I originally learned ChoiceScript several years ago, long prior to the introduction of Implicit Control Flow in 2017, then vanished from the community and stopped writing in CS for several years. During that time, I forgot basically everything about the language–basic syntax,
*choice statements, temporary variables, you name it.
Then, just a few months ago, I decided to get back into ChoiceScript and began re-learning the language from scratch. I was a complete blank slate. Then I started running into some frustrations with mandatory
*gotos and, while searching for a workaround, stumbled across Implicit Control Flow. Thinking I’d give it a shot, I flipped ICF on and learned the rest of ChoiceScript while using it.
Additionally, in between these two periods of my life, I acquired a computer science degree. I now code regularly and am very familiar with the traditional structure of imperative languages, but those things weren’t true when I learned ChoiceScript the first time. At that point, my only experience with “programming” had been some minimal exposure to the block-based structures used in GameMaker. I’d never coded in an actual language before. I had, however, done a lot of writing, and wrote fiction far more frequently than I do now.
These circumstances gave me the unique experience of learning ChoiceScript twice–once without ICF as a writer and non-programmer, and once with ICF, as an experienced programmer. I wanted to talk a little about that experience and see if anyone else has been in a similar position. I’ve noticed some people come into the CoG community self-identifying as either “writers first, programmers second” or “programmers/game designers first, writers second,” so I hope what I write here can speak to both of those groups and potentially bridge some gaps. I also hope to point out some ways I think ChoiceScript could be made more accessible to programmers, without making it any less accessible to non-programmers.
- Learning ChoiceScript with ICF
Turning on ICF was a game-changer for my productivity. My writing speed saw a huge improvement, as I was able to create much more complicated branching paths in a fraction of the time.
I experienced this speed-up for 3 reasons.
First, because 95% of my
*gotos took me to
*labels placed immediately after the
*choice block within which the
*goto is enclosed. Moving from explicit to implicit control flow felt like I had an extra person next to me, typing out each of those
*labels on my behalf.
Second, because coming up with new label names is a creative task that, while not very hard, does eat up a tiny amount of time whenever you have to do it. ICF cuts down the number of times your brain has to invent a new label.
Third, because keeping track of label names becomes ever more of a cognitive burden as a story gets longer. Before switching to ICF, I found myself storing a vague list of the current scene’s labels in my head, so that I could avoid repeating the same label twice. Not only did I want to avoid duplicate labels, but I also wanted to make new labels sufficiently distinguishable from the old ones. Ideally, I thought, my labels should be both descriptive of the part of the story they’re located in, and yet memorably different from labels located in adjacent/descriptively similar parts of the story. That way I won’t confuse them. This got harder and harder to do as my scenes got larger.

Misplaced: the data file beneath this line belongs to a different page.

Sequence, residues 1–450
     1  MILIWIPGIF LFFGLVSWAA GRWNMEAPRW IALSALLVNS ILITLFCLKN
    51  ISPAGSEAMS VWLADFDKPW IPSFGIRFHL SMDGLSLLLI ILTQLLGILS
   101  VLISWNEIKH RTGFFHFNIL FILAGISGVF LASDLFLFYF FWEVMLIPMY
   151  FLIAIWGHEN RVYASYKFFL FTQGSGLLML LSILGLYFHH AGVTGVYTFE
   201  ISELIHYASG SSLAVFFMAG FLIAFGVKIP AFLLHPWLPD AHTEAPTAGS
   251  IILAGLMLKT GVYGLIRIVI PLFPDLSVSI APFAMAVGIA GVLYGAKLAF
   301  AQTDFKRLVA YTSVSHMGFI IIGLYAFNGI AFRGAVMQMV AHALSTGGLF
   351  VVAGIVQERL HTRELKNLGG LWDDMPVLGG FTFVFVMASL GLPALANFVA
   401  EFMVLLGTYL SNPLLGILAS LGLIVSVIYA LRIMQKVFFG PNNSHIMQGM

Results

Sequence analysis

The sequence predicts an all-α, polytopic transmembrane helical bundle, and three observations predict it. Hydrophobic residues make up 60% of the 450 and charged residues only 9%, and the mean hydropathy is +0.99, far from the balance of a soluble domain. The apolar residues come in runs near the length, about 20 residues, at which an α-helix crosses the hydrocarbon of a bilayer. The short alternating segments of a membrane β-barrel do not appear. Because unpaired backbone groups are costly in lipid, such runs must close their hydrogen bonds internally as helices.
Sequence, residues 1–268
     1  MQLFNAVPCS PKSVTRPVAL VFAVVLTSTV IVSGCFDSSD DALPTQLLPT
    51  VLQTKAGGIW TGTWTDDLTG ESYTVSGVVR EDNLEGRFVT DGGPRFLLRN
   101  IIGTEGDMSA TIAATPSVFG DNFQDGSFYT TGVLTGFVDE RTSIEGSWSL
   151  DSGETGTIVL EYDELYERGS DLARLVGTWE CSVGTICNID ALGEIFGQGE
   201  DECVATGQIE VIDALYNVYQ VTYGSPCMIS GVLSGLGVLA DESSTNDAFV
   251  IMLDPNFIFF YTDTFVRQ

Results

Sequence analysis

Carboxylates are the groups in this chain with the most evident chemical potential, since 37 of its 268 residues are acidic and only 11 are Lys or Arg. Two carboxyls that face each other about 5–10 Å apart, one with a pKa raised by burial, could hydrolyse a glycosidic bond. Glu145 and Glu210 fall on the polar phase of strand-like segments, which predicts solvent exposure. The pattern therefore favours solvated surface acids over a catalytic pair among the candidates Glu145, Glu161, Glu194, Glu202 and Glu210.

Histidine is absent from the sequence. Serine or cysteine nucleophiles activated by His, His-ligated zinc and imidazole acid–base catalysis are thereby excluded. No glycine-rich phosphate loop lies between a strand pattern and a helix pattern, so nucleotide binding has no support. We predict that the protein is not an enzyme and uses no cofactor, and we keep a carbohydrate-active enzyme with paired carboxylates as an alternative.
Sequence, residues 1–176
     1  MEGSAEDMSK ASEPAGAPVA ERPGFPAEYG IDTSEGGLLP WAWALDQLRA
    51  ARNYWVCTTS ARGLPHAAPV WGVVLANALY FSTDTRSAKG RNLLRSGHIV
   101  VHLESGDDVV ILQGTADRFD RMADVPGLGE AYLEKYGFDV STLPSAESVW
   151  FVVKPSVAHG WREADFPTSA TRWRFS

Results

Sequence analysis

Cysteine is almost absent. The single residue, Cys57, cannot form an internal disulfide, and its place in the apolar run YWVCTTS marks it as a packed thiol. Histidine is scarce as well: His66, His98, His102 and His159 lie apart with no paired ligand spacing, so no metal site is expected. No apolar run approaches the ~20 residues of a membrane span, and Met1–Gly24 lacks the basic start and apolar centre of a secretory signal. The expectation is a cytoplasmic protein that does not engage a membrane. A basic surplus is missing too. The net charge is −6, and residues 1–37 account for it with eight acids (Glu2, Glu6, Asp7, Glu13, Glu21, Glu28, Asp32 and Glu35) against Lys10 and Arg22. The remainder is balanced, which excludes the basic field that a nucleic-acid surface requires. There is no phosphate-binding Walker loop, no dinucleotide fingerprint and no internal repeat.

Coming to ChoiceScript as an experienced programmer, I originally didn’t even realize that
*gotos were necessary to close out
*choice blocks. I simply assumed that ChoiceScript operated like a typical programming language, where instructions are read one after the other in the order they’re written and where if/else statements don’t interrupt this process. And, since
*choice blocks have a vaguely similar syntax to
*else statements (i.e. an asterisk, followed by a command name, followed by an indent), I assumed that they were no different.
My assumptions that ChoiceScript behaved this way ran so deep that despite reading the entire tutorial on the CoG website before I started coding/writing, I was still surprised when I got my first error messages. The part of the tutorial that would have corrected me somehow went in one ear and out the other. As weird as it sounds, I think this might be a pretty common experience for programmers who are new to ChoiceScript.
The big downside I experienced from switching to ICF was losing some control over whitespace. Consider the following lines of ChoiceScript:
You walk down the street, trying to look as inconspicuous as possible. *if (ninja) As a secret ninja, you can't afford to draw attention to yourself. *goto unacceptableText *elseif (wizard) It's illegal to be a wizard, of course, and you don't want to be imprisoned. *goto unacceptableText *else The thought of being attacked by a criminal wizard or a stealthy ninja terrifies you, and you know they only target the most conspicuous of pedestrians. Do you really want to be their next victim? *goto unacceptableText *label unacceptableText No—that would be unacceptable.